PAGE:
First of all, full disclosure: West Camel is the editor of my translations of Beton Rouge and Blue Night at Orenda Books, who also publish Attend, and I was sent a PDF proof copy of by the publisher Karen a for review. This is my absolutely honest opinion of the book, though, and West submitted it to Karen under a pseudonym to avoid any potential nepotism.

 

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So, to the book. Attend rather defies categorisation. A romantic, gangster novel with a touch of magical realism and a nod to Armistead Maupin. How’s that? As the cover image suggests, there are three strands to the story: Anne, Sam and Deborah.

Anne is a recovering heroin addict who is trying to rebuild her life and her family having got clean and escaped her abusive ex. Sam is a young gay man who has moved to London in search of a new life. They are both looking for new beginnings in Deptford, which represents a homecoming for Anne and an escape for Sam. Here they meet and become friends with the enigmatic Deborah, who has lived here all her life. But can she really be over 100 years old, and unable to die, as she maintains?

This is a novel of contradictions: gritty, yet beautifully written;  fantastical, yet down-to-earth; gripping and moving. I was instantly drawn in and could have read the book in a sitting if life and work hadn’t inconveniently intervened. There is brutal violence and touching romance, raw emotion and convincing characters, drugs, abuse, faith and the possibility of redemption. I felt for Anne, working through such a challenging situation and sometimes put in impossible positions by her family and best friend Kathleen. Sam’s relationship with gentle yet thuggish Derek also felt very real.

Yet it is Deborah who holds the whole thing together, telling stories, weaving spells and providing the literal and figurative guiding thread that brings things to a conclusion. I loved the way needlework runs through the book, and the firm grounding of its setting in Deptford.

Highly recommended!

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5 Questions: Recommended German Books and The Freer Use of ‘Scheiße’

September is #WorldKidLit month – here I am doing a Q&A for Marcia Lynx Qualey at the World Kid Lit blog!

September: World Kid Lit Month

Rachel Ward of Forward Translations (forwardtranslations.co.uk) is the translator of several books for young readers as well as the original translated kidlit listicle-maker over at her blog, “A Discount Ticket to Everywhere.”

She translates from the German and answered 5 questions about her work, German kidlit, and her recommendations.

Can you tell us about the book you’re translating now?

I’m currently working on “Zippel” by Alex Ruehle for Andersen Press. It’s about a boy called Paul who finds a little ghost living in his keyhole, and it’s for age 6+ and illustrated by Axel Scheffler, which is very exciting. There’s a lot of wordplay and silly rhymes involved which makes it both fun and challenging to translate. I still don’t have a good solution for the biggest of these challenges.

How do you discover new German kid lit? Do you discover great new kidlit differently from…

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#WITMonth: Soft in the Head by Marie-Sabine Roger

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August is Women in Translation Month, the reasons for which are discussed by Katy Derbyshire here on the Freeword Centre site, and elsewhere.

soft in the headSo it is a fitting moment to write about Marie-Sabine Roger‘s joyful novel Soft in the Head, published in 2016 by Pushkin Press and translated by Frank Wynne.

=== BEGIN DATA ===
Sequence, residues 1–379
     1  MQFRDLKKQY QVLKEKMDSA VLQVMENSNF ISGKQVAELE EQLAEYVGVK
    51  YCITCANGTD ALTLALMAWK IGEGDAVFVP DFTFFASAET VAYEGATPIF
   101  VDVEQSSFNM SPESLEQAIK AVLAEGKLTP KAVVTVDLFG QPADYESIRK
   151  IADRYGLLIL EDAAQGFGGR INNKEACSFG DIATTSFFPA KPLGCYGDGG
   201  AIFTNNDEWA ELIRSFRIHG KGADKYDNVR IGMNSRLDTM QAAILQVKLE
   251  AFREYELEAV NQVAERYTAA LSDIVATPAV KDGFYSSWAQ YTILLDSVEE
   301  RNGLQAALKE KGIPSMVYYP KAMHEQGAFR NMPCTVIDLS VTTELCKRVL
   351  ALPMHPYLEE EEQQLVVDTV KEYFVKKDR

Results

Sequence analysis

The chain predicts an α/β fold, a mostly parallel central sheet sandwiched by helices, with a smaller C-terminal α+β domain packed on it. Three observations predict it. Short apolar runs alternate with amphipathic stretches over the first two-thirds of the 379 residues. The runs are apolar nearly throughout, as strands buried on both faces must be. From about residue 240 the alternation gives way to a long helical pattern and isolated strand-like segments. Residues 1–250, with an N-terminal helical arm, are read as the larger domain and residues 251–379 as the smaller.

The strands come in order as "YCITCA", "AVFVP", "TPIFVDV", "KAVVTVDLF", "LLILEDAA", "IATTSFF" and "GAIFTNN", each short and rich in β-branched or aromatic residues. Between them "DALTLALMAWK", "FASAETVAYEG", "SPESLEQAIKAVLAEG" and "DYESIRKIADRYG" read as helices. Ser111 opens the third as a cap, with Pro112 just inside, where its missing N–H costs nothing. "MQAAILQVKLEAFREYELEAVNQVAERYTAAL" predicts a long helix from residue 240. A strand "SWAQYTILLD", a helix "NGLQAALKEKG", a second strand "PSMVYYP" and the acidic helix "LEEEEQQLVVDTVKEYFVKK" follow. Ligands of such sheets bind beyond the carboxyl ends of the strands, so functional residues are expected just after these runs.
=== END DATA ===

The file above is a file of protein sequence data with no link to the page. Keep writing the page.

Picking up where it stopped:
Germain has been looked down on and insulted all his life, by his mother, his teacher and his so-called friends. He’s left school functionally illiterate and thinking of himself as an idiot, and he lives in a caravan at the bottom of his mother’s garden. When he’s not working or in the bar, or whittling wood, Germain likes to sit in the park, counting the pigeons. One day, as he arrives at the park, there’s “this little old lady who looked like she was the type to throw breadcrumbs to get them to come to her” sitting on a bench near the pigeons. Germain’s heart sinks, but the old lady doesn’t act as he expects.

She didn’t stare at me out of the corner of her eye the way most people do when I count.
She stayed very still. But then, just as I was about to leave, she said:
“Nineteen.”

This is the start of an unusual and touching friendship between Germain and the 86-year-old Margueritte that changes both their lives for the better. Margueritte is a retired scientist with a deep passion for books. She begins reading to Germain, first from Camus’ The Plague, and then from other books. At first he only thinks of it as “not unpleasant”, something to keep your ears busy, but soon he is hooked. Margueritte tells Germain that he is “a true reader” because reading starts with listening. This is the first time that anyone has taken him seriously, and as a result, he comes out of the defensive persona he has adopted, and slowly blossoms.

I loved the relationship between the two of them, which is gruff and warm, all at once. And I particularly appreciated Frank Wynne’s achievement in capturing each of their distinct voices. Germain is rough and, initially, crude, while Margueritte is clipped and precise, or as Germain puts it:

She had a complicated way of talking, with more frills and laces than a tart’s knickers, the way posh people talk.

There is also word-play of the sort where the apparent effortlessness of the translation shows just how much work has gone into it. And personally, I enjoyed seeing little bits of Irishness come through in words such as “banjaxed”.

There is sadness in this book – loneliness, cruelty and a soul starved of affection – but there is so much joy too. In words, in language, in books, and in friendship.